(Bloomberg) -- The card came in December 2014 stuffed with $600 in cash.
It was just another kickback from Insys Therapeutics Inc. for prescribing the company’s liquid opioid, a former Connecticut nurse practitioner told a Boston jury at the racketeering trial of Insys’s founder John Kapoor.
Heather Alfonso testified she collected more than $82,000 in total from Insys over an 18-month span from 2013 to 2015. That’s about what she made in annual salary from her regular job.
In exchange, Alfonso said she prescribed the pain killer Subsys to people who didn’t need it. The drug was approved for cancer patients with “breakthrough” pain, but the Boston jury has already heard from other witnesses that Insys sales representatives pushed doctors to prescribe it to people with arthritis, depression and back pain to boost their sales.
“Did you violate your duty to your patients?” Assistant U.S. Attorney David Lazarus asked Alfonso.
“Absolutely, 100 percent,” she replied.
Alfonso said she was working at the Comprehensive Pain and Headache Treatment Center in Derby, Connecticut, and making money on the side promoting products made by a competitor of Insys. She said she made $500 per promotional event, speaking at a handful of them.
When she met Insys’s young sales representatives in the center’s break room, she asked to be made one of the company’s speakers. Insys doubled her pay, to $1,000 an event, Alfonso said. Those events were held at high-end restaurants in Boston and Connecticut where alcohol flowed freely and attendance by prescribers was rare.
Under federal regulations, there must be at least two doctors at such events for them to be considered legal. But, instead it was staff from the pain center who would attend and bring guests, Alfonso said.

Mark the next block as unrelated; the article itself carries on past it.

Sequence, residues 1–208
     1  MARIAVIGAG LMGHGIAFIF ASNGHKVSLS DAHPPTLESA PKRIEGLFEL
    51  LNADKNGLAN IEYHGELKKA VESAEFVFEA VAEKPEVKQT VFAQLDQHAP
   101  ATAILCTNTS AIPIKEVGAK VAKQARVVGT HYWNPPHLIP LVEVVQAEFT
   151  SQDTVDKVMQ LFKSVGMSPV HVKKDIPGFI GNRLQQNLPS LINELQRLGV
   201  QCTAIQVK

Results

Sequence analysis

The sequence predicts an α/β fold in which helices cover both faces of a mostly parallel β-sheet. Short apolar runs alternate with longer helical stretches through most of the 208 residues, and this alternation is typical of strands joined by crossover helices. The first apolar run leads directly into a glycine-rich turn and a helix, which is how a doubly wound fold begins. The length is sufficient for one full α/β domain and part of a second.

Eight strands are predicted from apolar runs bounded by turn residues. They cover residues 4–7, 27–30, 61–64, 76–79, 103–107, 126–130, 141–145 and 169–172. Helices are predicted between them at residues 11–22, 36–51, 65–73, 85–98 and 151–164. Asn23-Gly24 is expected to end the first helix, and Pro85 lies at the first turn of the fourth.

"They were fun,” she told the jury of the events. “We’d eat and drink and talk.”
She once "staged" a 30-minute educational presentation, she said, after an Insys rep tipped her off that an outside monitor was attending.
Alfonso said she has five children and came to rely on the Insys money to pay her regular expenses.
Patients’ medical needs were secondary to her own greed, she said.
"If I was going to choose between one drug or another, I would chose the Subsys because that’s what I was getting paid for,” she said.
Jessica Crane, an Insys sales representative, dropped off the card full of cash in 2014, along with toys for her kids, Alfonso said. Crane testified last week.
Pressure to write more prescriptions increased when Natalie Levine became the Insys sales rep visiting her office, Alfonso said. Levine pleaded guilty to violating anti-kickback laws. She is married to former Insys CEO Michael Babich, who pleaded guilty to health-care fraud and is expected to testify later this week.
Alfonso gave up her nursing license in March 2015, the day after the Drug Enforcement Administration agents arrived and accused her of overprescribing narcotics, she said.
The case is U.S. v. Kapoor, 16-cr-10343, U.S. District Court, District of Massachusetts (Boston).
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